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…is a lie.

You can be anything or go into any career you want are related lies.

Dear graduates (and others who are continuing your education), if you think that you’re going to be an engineer but hate math class, you’re not going to be an engineer.

If you want to be a nurse but get sick every time you see blood, or can’t spend all day around people standing on your feet, you’re not going to get very far in medical school.

We’ve been told that there are unlimited opportunities in today’s marketplace. There are. However, that doesn’t mean you’re well-suited for all of them.

You’re created to excel in a few specific ways.

Your job, while you’re young, is to experiment and found out what you’re great at doing. Not just good. Great.

One great resource to use to start this journey: Stand Out Strengths by Marcus Buckingham (play to your strengths, instead of fixing weaknesses). If you get the book, take the assessment: it’s only 15 minutes and really cool!


“grandma #1” by flickr user Piotr | cc by 2.0

A year and a half ago I met a local author at a craft show. She is a retired schoolteacher and was selling her series of three children’s books. The books were beautifully done and even included matching bookmarks.

I asked her about the books and why she wrote for children. I quickly looked through one of the stories and complemented her on her work.

Then I asked, “You have three. Will you write more books?”

“No,” she said, “I’m too old for that.” Continue Reading…

There’s an old saying that I hear at least once a year: “Make hay while the sun shines.”

Before farmers cut and rake hay (alfalfa, grass, red clover, etc.), they check the weather forecast to determine if they can get the hay “put up” before it rains. If you aren’t familiar with the process, it is best for hay to be cut, let the sun start drying it out, rake the hay (turn it over), let it dry a little more, then bale it and put it in storage before it gets rain on it.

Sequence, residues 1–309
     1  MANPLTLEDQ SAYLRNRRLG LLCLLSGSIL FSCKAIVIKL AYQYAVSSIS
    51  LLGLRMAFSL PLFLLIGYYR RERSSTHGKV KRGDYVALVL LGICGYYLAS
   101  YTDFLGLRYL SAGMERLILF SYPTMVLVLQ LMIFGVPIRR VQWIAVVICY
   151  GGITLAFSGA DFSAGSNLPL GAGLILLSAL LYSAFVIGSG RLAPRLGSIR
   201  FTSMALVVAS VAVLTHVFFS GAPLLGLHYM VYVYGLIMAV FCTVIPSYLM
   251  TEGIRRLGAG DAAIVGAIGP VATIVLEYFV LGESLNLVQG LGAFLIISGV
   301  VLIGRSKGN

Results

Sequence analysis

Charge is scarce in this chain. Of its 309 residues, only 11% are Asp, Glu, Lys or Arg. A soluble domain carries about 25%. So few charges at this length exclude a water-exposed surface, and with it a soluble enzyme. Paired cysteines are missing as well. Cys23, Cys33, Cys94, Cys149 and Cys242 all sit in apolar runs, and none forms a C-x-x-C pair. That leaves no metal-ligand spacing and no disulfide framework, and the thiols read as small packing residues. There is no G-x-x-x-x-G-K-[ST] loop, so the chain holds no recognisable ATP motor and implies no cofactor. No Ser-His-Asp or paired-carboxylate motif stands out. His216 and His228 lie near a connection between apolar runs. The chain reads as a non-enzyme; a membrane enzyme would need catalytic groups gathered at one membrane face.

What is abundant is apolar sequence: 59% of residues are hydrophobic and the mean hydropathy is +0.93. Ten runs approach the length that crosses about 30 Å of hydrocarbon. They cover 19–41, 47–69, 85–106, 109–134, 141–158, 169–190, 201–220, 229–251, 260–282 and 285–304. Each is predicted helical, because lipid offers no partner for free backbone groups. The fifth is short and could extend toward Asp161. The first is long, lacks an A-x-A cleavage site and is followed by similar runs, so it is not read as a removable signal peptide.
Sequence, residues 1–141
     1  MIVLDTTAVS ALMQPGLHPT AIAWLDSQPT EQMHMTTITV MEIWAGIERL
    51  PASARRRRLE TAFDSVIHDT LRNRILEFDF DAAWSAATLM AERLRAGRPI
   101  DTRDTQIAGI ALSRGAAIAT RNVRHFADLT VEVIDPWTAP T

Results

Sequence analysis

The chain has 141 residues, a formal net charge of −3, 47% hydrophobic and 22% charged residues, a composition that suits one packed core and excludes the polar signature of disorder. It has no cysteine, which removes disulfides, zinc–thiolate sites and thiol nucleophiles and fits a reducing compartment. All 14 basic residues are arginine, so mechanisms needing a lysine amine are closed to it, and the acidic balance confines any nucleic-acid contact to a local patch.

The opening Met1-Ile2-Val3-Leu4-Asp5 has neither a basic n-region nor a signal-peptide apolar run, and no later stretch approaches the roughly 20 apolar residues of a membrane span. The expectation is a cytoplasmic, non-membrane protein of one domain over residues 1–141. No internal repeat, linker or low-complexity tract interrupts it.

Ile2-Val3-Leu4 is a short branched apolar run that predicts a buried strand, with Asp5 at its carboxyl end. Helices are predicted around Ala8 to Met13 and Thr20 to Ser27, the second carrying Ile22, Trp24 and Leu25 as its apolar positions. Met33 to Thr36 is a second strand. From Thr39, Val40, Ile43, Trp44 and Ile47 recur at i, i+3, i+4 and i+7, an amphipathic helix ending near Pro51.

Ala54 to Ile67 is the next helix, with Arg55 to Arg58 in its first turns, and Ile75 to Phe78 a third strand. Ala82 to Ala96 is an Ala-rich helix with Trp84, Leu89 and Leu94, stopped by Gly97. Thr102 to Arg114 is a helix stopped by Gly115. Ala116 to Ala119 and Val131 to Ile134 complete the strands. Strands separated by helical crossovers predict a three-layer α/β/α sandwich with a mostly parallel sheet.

Make Hay While the Sun Shines: John Deere tractor and round baler

Make Hay While the Sun Shines: Round bale of hay with tractor and baler | Photo by Ryan Eidson

Rain decreases the quality of the hay.

If it rains too much, the hay will spoil. You won’t have any to sell or to feed your livestock in the winter when the snow covers the ground.

Recognize the Season

Make hay while the sun shines applies to all of us. Continue Reading…

Two generations ago, high school graduates chose one of these options:

  • Continue education at a university (at least four more years of school)
  • Learn a trade at a trade school (one to two more years of school)
  • Join the military
  • Find a job now and figure it all out later

The choice for high school graduates a generation ago was: “Which college do I attend? There are so many options for where to go to school and what to study.”

Here’s the choice facing many high school graduates this year: “With college just so stinkin’ expensive these days, is it worth going at all?”

Continue Reading…

One misconception that many people have, including college students, is the “necessity” of joining a nonprofit in order to change the world.


Image courtesy of Jon Ralls. Used by permission.

Common ideas from people who think like this include:

  • “For-profit companies don’t care about people as individuals.”
  • “Making money in business is inherently evil. I want no part of that.”
  • “Everyone else asks for donations to support their cause, so I should, too.”

This type of thinking shows a false dichotomy—an untrue split of ideas. Continue Reading…